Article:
“We look at SNP pairs—a SNP being a single nucleotide polymorphism,” explains Robert Davidson, Principal Software Architect in the Microsoft Research eScience Group. Each SNP is a genetic marker residing on a specific chromosome within an individual’s genome. The Wellcome Trust data also indicates if the individual has a given disease. The Microsoft Research team believes that they will gain better insight into an individual’s propensity to develop common diseases by reviewing the SNPs in pairs, rather than individually.
The SNPs are being stored in the Windows Azure cloud instead of traditional hardware storage—a profound shift in how big data is stored. “We are taking on the challenge of taking what would be traditional high-performance computing, one of the hardest workloads to move to the cloud, and moving it to the cloud,” observes Jeff Baxter, Development Lead in the Windows HPC team at Microsoft. “There’s a variety of both technical and business challenges, which makes it exciting and interesting.”
Exploring the Power of the Cloud
Windows Azure is typically used for website storage—a mere fraction of the potential storage that is required for a big data project. The product team had been seeking ways to demonstrate the true power of cloud storage. “We were looking for a suitable workload as an exemplar,” Baxter says. “After looking around the company, [the Microsoft Research project] jumped out.”
Resource management is one of the primary issues associated with big data: not only determining how many resources are required for the project, but also identifying the right type of resources—within the available budget. For example, running a large project on fewer machines might save on hardware costs but result in substantial project delays. Researchers must find a balance that will keep their project on track while working with available resources.
For the Wellcome Trust project, the team’s available resources for the project included a combination of Windows HPC Server, Windows Azure, and the FaST-LMM algorithm. The team knew that they had a powerful set of technologies. The question was: could it achieve the results required in the desired timeline?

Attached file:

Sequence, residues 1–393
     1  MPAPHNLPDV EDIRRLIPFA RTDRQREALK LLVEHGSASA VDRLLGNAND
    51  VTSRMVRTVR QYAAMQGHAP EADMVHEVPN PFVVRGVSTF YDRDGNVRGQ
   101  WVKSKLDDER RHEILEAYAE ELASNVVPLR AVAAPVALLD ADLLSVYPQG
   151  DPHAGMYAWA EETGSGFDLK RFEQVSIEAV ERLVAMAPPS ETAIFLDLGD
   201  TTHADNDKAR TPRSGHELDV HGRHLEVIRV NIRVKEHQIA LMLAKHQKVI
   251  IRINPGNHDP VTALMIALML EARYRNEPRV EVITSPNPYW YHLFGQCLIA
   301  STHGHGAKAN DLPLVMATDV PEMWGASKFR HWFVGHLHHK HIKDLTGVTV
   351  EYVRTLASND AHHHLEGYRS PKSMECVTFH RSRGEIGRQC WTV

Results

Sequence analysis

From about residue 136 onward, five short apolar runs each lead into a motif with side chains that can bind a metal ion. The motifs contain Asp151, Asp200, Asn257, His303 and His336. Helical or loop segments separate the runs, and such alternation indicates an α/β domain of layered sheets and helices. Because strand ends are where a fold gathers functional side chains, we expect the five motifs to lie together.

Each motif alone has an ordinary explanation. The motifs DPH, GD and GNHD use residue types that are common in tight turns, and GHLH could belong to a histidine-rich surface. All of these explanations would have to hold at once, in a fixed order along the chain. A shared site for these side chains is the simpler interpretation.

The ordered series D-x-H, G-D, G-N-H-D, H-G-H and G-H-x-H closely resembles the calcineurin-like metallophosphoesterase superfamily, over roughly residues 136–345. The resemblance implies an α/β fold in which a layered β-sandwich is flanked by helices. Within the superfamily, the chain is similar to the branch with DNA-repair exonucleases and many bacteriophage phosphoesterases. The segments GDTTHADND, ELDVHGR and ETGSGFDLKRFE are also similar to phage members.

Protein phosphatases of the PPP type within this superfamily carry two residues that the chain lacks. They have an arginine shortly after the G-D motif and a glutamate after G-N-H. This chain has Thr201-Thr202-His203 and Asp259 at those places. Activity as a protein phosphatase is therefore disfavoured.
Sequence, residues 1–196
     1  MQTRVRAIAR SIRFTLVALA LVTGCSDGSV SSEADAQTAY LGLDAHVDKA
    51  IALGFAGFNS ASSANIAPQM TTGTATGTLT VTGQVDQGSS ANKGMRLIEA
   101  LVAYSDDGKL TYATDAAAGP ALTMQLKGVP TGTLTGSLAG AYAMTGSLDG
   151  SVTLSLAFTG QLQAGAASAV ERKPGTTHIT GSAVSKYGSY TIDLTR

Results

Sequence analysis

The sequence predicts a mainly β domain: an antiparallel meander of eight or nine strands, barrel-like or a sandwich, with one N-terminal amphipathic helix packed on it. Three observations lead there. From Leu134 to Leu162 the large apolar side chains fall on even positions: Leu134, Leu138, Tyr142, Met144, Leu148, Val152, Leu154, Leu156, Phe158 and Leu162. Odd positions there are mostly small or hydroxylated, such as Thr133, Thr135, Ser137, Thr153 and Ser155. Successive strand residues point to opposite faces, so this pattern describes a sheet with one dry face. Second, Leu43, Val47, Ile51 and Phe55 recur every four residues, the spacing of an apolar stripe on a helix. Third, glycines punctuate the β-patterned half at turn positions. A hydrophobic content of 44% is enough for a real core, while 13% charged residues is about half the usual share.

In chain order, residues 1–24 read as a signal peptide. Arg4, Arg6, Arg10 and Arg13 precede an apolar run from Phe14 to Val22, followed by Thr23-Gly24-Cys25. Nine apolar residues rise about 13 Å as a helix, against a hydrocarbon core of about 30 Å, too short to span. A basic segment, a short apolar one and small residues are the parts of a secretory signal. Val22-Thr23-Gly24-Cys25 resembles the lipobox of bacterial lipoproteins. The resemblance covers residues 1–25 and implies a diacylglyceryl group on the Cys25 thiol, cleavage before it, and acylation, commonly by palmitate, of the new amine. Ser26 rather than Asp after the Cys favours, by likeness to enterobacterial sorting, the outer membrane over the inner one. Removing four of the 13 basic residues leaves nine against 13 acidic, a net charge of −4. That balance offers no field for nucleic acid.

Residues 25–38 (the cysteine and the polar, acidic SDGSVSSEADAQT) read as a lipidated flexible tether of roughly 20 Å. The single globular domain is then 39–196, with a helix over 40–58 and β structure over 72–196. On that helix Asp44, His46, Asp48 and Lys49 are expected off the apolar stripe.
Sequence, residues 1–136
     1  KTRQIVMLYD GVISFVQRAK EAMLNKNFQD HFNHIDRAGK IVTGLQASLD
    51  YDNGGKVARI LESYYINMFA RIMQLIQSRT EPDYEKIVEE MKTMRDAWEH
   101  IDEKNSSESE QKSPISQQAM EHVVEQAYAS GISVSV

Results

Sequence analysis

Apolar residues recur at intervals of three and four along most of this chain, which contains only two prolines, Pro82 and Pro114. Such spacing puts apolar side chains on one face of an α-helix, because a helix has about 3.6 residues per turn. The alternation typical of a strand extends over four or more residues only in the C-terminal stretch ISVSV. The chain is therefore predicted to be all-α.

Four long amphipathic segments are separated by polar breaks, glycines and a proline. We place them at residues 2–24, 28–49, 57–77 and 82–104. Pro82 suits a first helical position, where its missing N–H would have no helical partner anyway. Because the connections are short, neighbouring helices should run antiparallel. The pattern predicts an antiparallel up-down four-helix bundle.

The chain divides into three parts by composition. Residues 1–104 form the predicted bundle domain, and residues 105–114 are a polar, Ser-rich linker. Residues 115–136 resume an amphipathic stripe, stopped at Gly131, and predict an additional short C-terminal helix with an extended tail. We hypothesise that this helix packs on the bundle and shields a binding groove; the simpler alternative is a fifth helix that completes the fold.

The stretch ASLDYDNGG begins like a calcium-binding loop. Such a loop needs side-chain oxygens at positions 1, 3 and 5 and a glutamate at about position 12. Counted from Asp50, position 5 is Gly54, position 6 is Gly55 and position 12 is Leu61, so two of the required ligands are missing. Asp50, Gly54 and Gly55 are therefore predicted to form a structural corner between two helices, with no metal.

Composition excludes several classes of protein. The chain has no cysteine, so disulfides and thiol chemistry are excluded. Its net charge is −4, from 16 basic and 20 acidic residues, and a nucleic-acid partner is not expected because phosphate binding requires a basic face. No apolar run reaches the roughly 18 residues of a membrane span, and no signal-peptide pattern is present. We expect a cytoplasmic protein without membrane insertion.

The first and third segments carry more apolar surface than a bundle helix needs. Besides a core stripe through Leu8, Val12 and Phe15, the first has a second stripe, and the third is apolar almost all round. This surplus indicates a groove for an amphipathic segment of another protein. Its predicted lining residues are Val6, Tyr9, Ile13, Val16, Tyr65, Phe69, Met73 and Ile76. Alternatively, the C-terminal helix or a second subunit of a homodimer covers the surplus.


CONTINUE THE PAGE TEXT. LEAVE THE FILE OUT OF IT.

“For this project, we would need to do about 125 compute years of work. We wanted to get that work done in about three days,” explains Baxter. By running FaST-LMM on Windows Azure, the team had access to tens of thousands of computer cores and an improved algorithm that was able to expedite the work. “You’re still doing hundreds of compute years of work,” he explains. “But with these resources, we can actually do hundreds of compute years in a couple of days.”
While the results were impressive, there was something that had an even bigger impact. “The most impressive thing was how quickly we could take this project from inception to actually completing it and generating new science,” Baxter notes. “This is stuff that, without both the improvements in the algorithms that the Microsoft Research guys had come up with and the ability for us to provide the tens to hundreds of thousands of cores, would have been infeasible.”
The Wellcome Trust project is just the beginning of what could be a major shift in how research is stored and analyzed. “With this new, huge amount of data that’s coming online, we’re now able to find connections between our DNA and who we are that we could never find before,” Heckerman says. The ability to analyze that data more quickly, and with greater depth, could result in faster breakthroughs in genetic research—and breakthroughs in critical genetic research.
“Just about every day, you turn on the radio and you hear about some new discovery of a gene that’s associated with some disease, or a gene that’s associated with some favorable reaction to a drug,” says Christoph Lippert, Researcher at Microsoft Research Connections. The FaST-LMM algorithm running on Windows Azure is helping to accelerate just such discoveries.